phosphates...they are only guessing.

    Get a phosphate test kit! lochlor give them
    away for free. Otherwise get someone else
    to test for the phosphates and see the numbers
    for yourself!

    I suspect other causes for your algae problems.
    But just because your neighbor doesnt have a
    problem does not mean that you wont.

    Phosphates can enter your pool from water
    running off your garden into your pool. Or your
    neighbor may have a cover.

    That being said...there is only one way to see
    if you have phosphates in your pool and that
    is to test for them.

    Take Care,

    Michael Silvester

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    Ohm_Boy's Avatar
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    Phosphates or no, you can't manage what you can't measure. You need reliable numbers for your pool. Without them, no one can make any reasonable suggestion as to what your pool needs.
    Many people in the pool industry believe that complex chemicals are necessary to manage a pool, but essentially it boils down to maintaining a proper sanitizer, and a pH range where the sanitizer, the swimmers, and the equipment can live comfortably.
    Chlorine is generally the best sanitizer/oxidizer. While it needs to be stabilized against UV loss, too much stabilizer 'locks away' more available sanitizer, and requires higher chlorine levels. Dichlor and trichlor are convenient forms of chlorine, but constantly add stabilizer. Cal-Hypo is another convenient source of chlorine, but adds calcium and can be hazardous if not stored and handled properly. If you maintain your pool using these forms of chlorine, over time (and less time than you think) your stabilizer and/or calcium levels will rise to a point where there are other problems. In the case of stabilizer, that problem often manifests itself as an algae bloom. When this happens, the pool guys will then point you to other chemicals to correct the problem, like algaecides with copper, and then you will need sequestering agents to manage the copper, then you need floculants to handle the sequestered metals.etc. It becomes much like the nursery ryhme about *the Old Woman who swallowed a Fly. These days, the magic bullet seems to be phosphate management. If they can't keep the algae at bay using their regular course of treatments, they'll go after the algae's food source.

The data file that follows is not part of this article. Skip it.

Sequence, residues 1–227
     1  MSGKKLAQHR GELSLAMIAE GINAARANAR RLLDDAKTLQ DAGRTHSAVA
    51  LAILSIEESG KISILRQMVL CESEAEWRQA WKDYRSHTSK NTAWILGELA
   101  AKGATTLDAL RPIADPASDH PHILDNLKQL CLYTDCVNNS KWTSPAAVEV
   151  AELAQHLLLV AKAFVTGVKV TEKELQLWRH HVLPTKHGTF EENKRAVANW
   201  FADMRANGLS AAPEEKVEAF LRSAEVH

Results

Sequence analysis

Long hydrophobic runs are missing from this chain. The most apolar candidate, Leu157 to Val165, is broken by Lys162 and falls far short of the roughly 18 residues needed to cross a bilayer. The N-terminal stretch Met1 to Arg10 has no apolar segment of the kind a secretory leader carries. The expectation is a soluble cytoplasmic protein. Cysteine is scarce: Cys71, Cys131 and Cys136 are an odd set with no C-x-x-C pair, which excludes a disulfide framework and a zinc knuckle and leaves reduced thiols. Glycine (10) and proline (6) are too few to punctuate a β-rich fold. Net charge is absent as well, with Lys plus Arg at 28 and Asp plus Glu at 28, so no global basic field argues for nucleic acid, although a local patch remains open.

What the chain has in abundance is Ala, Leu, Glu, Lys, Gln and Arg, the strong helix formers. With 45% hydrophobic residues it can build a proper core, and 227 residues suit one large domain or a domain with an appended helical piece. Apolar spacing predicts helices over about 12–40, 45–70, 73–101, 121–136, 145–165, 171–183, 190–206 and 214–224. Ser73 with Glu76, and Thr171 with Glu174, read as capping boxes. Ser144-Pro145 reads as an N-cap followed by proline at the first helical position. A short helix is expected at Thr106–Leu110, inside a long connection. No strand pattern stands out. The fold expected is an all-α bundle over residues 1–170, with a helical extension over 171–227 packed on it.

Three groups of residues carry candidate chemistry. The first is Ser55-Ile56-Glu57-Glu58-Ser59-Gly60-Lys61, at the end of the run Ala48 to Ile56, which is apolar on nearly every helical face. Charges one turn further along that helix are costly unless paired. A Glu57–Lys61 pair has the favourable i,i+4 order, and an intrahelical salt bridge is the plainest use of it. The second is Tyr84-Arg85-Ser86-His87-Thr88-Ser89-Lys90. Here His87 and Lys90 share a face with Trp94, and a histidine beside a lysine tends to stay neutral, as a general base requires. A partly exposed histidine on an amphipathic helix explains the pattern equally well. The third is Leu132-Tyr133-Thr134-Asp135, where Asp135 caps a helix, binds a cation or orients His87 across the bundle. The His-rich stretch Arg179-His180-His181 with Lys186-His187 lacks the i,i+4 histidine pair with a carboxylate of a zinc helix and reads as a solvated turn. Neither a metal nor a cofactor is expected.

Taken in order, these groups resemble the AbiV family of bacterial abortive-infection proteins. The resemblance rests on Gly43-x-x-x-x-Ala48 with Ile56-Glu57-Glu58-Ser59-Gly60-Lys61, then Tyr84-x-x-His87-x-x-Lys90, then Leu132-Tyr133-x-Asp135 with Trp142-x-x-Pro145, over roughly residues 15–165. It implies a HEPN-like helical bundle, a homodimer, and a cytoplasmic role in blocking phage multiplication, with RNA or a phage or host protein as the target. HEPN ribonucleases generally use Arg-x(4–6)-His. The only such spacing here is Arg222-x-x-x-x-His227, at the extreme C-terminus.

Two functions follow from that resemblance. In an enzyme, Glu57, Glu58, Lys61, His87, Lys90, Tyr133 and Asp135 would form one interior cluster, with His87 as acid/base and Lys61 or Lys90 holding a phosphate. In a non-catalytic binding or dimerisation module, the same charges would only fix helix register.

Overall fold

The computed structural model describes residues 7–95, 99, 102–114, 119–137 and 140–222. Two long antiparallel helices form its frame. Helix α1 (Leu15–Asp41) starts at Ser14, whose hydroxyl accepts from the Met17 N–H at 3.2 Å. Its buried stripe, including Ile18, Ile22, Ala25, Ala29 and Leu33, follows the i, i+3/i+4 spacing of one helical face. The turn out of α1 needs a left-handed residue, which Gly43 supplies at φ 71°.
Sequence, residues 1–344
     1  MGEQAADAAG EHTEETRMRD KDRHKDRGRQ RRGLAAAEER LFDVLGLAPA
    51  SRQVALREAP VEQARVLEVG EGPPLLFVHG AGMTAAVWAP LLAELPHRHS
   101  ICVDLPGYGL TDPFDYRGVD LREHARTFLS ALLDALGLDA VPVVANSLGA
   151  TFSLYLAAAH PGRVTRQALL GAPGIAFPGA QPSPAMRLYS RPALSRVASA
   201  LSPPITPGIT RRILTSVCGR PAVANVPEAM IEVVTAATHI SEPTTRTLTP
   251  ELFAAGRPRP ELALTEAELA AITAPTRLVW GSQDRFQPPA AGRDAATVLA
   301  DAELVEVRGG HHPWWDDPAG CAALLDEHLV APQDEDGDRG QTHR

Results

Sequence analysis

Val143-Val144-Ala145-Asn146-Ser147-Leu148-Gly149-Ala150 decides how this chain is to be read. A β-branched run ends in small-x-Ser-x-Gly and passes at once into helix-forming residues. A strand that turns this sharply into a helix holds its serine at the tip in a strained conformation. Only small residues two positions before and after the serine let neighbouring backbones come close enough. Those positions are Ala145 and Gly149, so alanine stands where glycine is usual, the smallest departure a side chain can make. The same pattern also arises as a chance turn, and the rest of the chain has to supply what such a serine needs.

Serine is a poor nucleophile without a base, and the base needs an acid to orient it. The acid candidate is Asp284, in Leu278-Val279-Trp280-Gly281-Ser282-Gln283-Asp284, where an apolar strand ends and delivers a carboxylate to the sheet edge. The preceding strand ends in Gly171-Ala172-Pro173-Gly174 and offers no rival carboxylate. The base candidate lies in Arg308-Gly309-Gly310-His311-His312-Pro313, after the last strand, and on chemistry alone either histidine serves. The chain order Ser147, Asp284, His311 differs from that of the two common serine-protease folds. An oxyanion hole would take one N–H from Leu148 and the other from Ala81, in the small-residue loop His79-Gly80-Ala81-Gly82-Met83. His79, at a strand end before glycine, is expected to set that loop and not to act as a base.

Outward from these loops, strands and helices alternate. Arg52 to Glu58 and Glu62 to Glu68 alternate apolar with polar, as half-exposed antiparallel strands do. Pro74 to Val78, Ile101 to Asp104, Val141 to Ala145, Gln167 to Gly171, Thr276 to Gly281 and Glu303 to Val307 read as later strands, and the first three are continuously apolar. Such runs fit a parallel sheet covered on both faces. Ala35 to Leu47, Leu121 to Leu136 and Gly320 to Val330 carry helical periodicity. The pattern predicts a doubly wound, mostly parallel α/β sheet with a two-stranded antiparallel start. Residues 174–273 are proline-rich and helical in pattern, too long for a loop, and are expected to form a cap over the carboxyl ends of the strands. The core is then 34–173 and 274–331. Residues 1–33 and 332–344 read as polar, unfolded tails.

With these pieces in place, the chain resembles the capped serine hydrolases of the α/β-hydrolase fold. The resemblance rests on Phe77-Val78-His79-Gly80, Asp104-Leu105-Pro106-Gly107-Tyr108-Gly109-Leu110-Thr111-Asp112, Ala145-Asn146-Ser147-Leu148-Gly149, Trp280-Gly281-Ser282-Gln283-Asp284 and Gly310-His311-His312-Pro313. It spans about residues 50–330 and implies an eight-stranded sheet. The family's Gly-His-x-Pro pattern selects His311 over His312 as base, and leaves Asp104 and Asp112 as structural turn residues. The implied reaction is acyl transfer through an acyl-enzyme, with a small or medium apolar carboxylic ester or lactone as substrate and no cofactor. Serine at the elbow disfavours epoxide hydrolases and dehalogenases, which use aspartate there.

What they do not address is that the chlorine, at normal levels, is no longer capable of killing the algae because of the high stabilizer level. And if it cannot kill algae, how certain can you be that it can kill other nasties, like bacteria and viruses?

    The only reasonable source of chlorine which avoids these side effects is liquid chlorine - sodium hypochlorite - which is available as 'liquid shock', or more readily, plain old laundry bleach. Many pool stores will scoff at bleach, but most of them also sell liquid chlorine, and it's the same chemical.